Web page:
COMMENT:

The debate on capital gains tax has a long way to go but one issue should be dispelled from the beginning. Nobody's point of view should be written off as self-interest simply for the fact they own, or do not own, assets that may be taxed. This applies particularly to members of Parliament.

We reported yesterday the numbers of MPs in each party who own investment property, the asset most likely to be taxed. We did this because disclosure is healthy. It is better that decision makers' personal interests are publicly known than be the subject of conjecture and suspicion.

So everyone should now know that three-quarters of the National caucus and two-thirds of the Labour caucus have an interest in investment properties, as do two-thirds of NZ First. Only one Green MP has property in addition to their own home and Act's sole MP has none.

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Self-interest, of course, cuts two ways. If those with property have an interest in opposing the tax, those without property have an interest in supporting it, especially if it lightens the load on wages and salaries as it should.

One reason to discount personal interest in this debate is that if a capital gains tax is adopted, there will be plenty of time for investors to sell the assets tax-free if they wish.

Prime minister Jacinda Ardern. Photo / Doug Sherring
Prime minister Jacinda Ardern. Photo / Doug Sherring

The Government has indicated that if it adopts any of the suggestions of its Tax Working Group, it will not come into force unless the Government — or at least Labour and the Greens — return to power at the election due in the latter part of next year. The earliest the tax could come into force would be early 2021 and chances are it would be later than that once the industry has been given time for consultation on the practical details.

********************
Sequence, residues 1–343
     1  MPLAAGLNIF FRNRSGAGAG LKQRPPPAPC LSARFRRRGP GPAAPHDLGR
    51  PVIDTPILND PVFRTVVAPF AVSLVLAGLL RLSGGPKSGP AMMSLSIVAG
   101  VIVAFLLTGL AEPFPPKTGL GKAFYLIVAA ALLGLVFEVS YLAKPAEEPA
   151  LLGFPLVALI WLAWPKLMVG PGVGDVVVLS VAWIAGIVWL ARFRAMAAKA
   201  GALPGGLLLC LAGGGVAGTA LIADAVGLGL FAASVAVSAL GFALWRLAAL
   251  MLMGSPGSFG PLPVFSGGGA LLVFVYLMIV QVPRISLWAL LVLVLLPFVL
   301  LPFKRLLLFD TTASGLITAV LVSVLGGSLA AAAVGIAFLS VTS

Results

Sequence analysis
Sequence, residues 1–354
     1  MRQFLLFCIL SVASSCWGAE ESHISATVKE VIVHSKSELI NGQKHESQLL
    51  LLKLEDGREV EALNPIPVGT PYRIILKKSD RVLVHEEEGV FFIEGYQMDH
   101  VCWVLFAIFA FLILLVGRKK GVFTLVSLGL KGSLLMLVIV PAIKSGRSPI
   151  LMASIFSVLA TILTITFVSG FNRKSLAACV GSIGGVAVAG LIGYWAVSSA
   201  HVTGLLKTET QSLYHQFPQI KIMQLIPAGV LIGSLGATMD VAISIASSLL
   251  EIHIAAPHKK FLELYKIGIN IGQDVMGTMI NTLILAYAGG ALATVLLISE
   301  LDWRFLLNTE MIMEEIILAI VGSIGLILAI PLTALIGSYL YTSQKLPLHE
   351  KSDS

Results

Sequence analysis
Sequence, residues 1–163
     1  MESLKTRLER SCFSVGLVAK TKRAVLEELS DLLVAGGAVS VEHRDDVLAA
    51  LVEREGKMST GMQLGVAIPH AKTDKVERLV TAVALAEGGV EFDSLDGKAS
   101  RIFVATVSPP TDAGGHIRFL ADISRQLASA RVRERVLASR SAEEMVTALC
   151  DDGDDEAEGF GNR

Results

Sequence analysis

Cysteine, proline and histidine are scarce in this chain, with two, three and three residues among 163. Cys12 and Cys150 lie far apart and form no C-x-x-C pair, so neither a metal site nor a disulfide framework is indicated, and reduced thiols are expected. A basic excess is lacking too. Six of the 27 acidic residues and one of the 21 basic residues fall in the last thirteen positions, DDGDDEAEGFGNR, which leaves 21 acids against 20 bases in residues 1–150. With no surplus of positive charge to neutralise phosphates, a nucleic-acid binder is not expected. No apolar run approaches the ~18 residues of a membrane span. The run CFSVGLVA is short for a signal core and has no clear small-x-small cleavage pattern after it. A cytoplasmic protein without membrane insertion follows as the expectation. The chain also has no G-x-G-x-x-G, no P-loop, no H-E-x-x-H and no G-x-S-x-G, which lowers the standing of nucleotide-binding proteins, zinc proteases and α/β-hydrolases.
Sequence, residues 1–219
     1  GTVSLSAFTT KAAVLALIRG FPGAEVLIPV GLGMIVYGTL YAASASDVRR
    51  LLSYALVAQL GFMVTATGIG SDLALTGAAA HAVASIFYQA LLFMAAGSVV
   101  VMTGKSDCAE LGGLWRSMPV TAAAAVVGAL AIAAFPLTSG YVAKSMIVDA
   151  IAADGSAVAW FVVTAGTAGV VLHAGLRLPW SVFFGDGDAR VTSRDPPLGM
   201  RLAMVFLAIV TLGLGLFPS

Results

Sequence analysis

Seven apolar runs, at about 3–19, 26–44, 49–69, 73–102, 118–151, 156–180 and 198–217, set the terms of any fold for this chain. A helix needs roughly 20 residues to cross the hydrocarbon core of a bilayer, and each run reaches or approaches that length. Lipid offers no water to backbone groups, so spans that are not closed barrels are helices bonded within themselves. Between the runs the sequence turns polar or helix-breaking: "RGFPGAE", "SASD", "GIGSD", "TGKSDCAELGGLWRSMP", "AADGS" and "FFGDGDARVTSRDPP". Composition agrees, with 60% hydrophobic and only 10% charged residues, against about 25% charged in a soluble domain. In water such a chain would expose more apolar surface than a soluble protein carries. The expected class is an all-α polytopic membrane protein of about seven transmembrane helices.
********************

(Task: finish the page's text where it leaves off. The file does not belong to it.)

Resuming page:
But the better reason to ignore accusations of personal interest is that our politics is better than that. The vast majority of our MPs over the years have entered politics with a driving sense of the national interest and that sense is deepened as parliamentary work exposes them to the complexities of policy decisions and the consequences. This is not a corrupt democracy and nobody should listen to cynics who are not well acquainted with it.

Most people's opinions are not solely motivated by self-interest. If they were, we would not be seeing opinion polls with a majority opposed to capital gains tax. Most people cannot afford investment property or even so much as a holiday bach, a fact the National Party leader overlooked when he called a capital gains an attack on the "Kiwi way of life".

Those without investment property who oppose that tax, are doing so from an objective sense of what is "fair". They sympathise with those who have worked hard to build up a business, often drawing little income from it when times were tough, and feel it is only fair they should receive its full value when they sell it.

The Tax Working Group has taken a different view of what is fair, arguing that wealth should be taxed equally regardless of how it is accumulated. That is the debate, it is more important than personal interest.